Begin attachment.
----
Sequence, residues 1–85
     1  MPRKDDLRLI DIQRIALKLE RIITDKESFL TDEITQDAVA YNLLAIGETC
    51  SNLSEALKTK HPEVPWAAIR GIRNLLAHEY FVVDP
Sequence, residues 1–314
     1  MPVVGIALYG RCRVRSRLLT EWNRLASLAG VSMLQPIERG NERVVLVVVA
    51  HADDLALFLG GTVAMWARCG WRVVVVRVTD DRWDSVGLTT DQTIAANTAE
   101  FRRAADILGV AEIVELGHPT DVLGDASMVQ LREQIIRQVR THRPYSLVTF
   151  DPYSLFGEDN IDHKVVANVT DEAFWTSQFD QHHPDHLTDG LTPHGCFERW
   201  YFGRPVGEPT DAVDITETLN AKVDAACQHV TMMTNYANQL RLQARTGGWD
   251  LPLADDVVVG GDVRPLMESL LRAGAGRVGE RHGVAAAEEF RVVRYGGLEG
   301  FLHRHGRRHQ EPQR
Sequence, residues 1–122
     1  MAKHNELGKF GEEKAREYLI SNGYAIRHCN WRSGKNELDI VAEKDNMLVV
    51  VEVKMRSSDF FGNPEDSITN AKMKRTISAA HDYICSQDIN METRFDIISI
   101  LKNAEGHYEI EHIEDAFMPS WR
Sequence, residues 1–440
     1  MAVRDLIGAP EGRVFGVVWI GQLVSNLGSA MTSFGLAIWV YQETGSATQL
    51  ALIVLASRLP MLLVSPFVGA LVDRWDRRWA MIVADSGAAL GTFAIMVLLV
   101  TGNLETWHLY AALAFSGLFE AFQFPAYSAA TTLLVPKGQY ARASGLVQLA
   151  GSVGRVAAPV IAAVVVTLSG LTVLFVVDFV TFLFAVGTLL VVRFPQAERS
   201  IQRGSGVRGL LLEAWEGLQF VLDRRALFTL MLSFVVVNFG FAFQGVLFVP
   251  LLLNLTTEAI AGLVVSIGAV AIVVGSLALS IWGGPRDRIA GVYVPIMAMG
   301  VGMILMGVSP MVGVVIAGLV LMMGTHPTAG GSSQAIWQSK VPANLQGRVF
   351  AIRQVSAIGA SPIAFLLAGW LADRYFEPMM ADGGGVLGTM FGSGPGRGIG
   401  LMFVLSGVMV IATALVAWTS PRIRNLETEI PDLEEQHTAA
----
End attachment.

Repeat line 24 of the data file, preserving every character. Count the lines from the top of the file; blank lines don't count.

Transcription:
   351  AIRQVSAIGA SPIAFLLAGW LADRYFEPMM ADGGGVLGTM FGSGPGRGIG